In a consumer society, we wait for the big sale days – Black Friday, Cyber Monday, and eventually Boxing Day. We wait for great deals. We save up our money or ensure there is room on our credit cards. Whoever gets the most stuff for the least money wins.
If you’re not out shopping on those days, you might be watching sports, like college football or international hockey.
Obtaining and observing – that’s what draws the crowds these days. We wait for the sales to start so we can obtain more and we wait for the game to start so we can observe more.
Now, don’t get me wrong. I am capable of obtaining and observing with the best of them. Books, mainly, in the obtaining category. The Toronto Blue Jays, the Seattle Seahawks and the Tottenham Hotspurs in the observing category. I just don’t do it as often as I used to.
In my Christian tradition of spirituality, Advent is a season of waiting for the coming of God. What I’m waiting for more these days are things like love, joy, and peace, like patience, kindness and generosity, like faithfulness, gentleness and self-control. Christians, among many others, see these things are seen as the gifts of the Holy Spirit. They are the qualities of life that enable human beings to contribute to the coming of the Commonwealth of God. This is the flourishing dynamic of being fully alive in community with every part of the creation.
The space in which we wait for those things is often considered to be a wilderness, like the one the beneficiaries of the Exodus wandered around for 40 years, like the one John the Baptist came out of announcing the coming of Jesus, the Christ, like the one Jesus went through immediately after his baptism.
Wilderness is a place of deprivation and testing. However and whenever it may happen in our lives, we are stripped of our usual comfortable possessions and practices. Life becomes more bare and basic, more dark and scary. Life, certainly life as we’ve known it, disappears. These are the Badlands. There are threats behind every rock and every bush. And we feel alone - very alone. Where does help come from in such a wilderness situation?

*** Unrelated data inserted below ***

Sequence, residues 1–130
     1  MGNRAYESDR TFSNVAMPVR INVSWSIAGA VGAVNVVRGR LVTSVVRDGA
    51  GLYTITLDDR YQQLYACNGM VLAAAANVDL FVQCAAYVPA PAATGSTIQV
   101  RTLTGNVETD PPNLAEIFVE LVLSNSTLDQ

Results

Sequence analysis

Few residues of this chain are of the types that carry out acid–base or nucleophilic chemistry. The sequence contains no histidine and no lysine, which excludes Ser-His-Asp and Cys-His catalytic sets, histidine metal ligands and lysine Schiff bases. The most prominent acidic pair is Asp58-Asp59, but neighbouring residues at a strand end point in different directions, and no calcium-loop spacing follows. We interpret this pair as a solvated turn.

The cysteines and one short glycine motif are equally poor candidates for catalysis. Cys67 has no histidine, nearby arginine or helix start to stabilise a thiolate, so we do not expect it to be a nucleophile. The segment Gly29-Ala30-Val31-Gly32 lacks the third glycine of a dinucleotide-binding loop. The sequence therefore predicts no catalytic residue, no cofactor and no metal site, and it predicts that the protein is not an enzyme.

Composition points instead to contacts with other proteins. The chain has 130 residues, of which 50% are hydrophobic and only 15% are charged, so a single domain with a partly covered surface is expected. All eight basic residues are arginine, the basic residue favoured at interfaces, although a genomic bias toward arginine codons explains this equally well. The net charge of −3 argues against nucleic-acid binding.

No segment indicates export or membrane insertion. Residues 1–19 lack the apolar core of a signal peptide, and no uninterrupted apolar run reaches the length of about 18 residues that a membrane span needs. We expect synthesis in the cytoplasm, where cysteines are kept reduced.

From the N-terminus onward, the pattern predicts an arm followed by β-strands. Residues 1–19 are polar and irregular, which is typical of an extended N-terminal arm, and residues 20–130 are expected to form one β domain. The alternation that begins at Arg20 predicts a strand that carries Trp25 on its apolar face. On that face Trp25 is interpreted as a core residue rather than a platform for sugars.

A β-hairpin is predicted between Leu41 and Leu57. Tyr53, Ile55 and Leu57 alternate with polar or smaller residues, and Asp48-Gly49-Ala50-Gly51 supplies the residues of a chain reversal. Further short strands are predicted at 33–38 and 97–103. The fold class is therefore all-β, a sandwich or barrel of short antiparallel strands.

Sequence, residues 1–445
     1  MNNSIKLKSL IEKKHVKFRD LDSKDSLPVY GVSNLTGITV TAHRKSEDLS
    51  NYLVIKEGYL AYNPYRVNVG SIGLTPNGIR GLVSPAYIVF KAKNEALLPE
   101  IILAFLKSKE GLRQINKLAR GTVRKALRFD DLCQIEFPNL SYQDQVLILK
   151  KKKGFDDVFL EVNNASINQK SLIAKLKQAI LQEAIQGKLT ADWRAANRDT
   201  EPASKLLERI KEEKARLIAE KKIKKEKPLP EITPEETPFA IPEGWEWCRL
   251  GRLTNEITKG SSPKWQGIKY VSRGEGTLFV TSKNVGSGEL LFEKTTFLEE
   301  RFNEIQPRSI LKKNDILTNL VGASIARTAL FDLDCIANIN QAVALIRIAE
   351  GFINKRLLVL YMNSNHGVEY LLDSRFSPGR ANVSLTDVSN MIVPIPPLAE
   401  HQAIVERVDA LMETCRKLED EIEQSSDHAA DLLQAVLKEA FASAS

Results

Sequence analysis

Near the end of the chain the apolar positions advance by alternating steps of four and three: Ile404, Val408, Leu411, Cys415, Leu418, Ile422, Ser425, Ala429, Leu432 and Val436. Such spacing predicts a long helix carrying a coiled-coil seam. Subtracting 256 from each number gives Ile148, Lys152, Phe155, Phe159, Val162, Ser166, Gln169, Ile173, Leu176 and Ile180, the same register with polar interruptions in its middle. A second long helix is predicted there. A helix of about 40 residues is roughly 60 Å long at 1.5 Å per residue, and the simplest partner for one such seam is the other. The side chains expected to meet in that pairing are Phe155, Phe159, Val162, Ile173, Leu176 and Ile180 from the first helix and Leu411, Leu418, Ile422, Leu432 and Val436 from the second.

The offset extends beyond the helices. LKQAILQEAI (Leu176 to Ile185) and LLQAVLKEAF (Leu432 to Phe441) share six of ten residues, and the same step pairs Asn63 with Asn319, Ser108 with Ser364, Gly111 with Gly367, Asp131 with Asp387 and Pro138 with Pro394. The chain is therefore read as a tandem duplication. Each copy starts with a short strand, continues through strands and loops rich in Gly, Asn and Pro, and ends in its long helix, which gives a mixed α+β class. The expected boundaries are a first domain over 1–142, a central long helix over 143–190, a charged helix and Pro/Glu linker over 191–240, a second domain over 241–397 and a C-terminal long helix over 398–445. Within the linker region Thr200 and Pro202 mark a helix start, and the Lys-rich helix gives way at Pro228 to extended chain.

The Christian answer to that question, rooted in the promises of God that shaped the Jewish and Muslim traditions as well, is Emmanuel – God-with-us. This is a God who is with us in the wilderness, who protects and helps us in the wilderness, who uses the wilderness experience to impress upon us the prime importance of the gifts listed above, who lavishes those gifts on those ready to accept them. In the presence and providence of this God, we find our true home, no matter what the wilderness feels like.
So, during this Advent, I wait for new insights into the rich blessings that this profligate God showers on all of creation. I cultivate, as forbearers in my Presbyterian religious tradition have done, a teachable spirit. I open my soul to God to be nourished to flourish. This is hardly a passive waiting. It is an active searching in the wilderness for signals of God’s presence and providential power, inviting me to join the adventure of bringing in the Commonwealth of God.
The image that accompanies this article is by John Stuart, a Scot who ministers in East Tennessee. He does amazing stuff with crayons. See for yourself at www.stushieart.com. This rendering of Mary and Joseph and Jesus arriving in Bethlehem, out of a deep darkness, suggests to me the active waiting of pregnancy, the excitement of birth, the obligations of nurturing, and the grace of a growing life.
Time and again, Jesus faced wilderness experiences. Time and again, he discovered that God was with him. At this time, and steadfastly into the future, he reminds us of the things in life that point most powerfully to God’s providential presence - love, joy, and peace, like patience, kindness and generosity, like faithfulness, gentleness and self-control. God is with us as we wait actively for these things to come to fruition more fully in us and through us.
So, as I obtain and observe during this 2016 holiday season, I will pay even more attention to how I am finding and enhancing those gifts of God that take us through the wildernesses of our lives to our home with God. I invite you to do the same.
Brian Fraser is lead provocateur of Jazzthink and minister with Brentwood Presbyterian Church in Burnaby, BC. He works primarily with not-for-profit staffs and boards convening COOL conversations for SMARTer leadership. You can find out more at www.jazzthink.com and www.brentwoodpc.ca.
You can read more articles from our interfaith blog, Spirituallly Speaking, HERE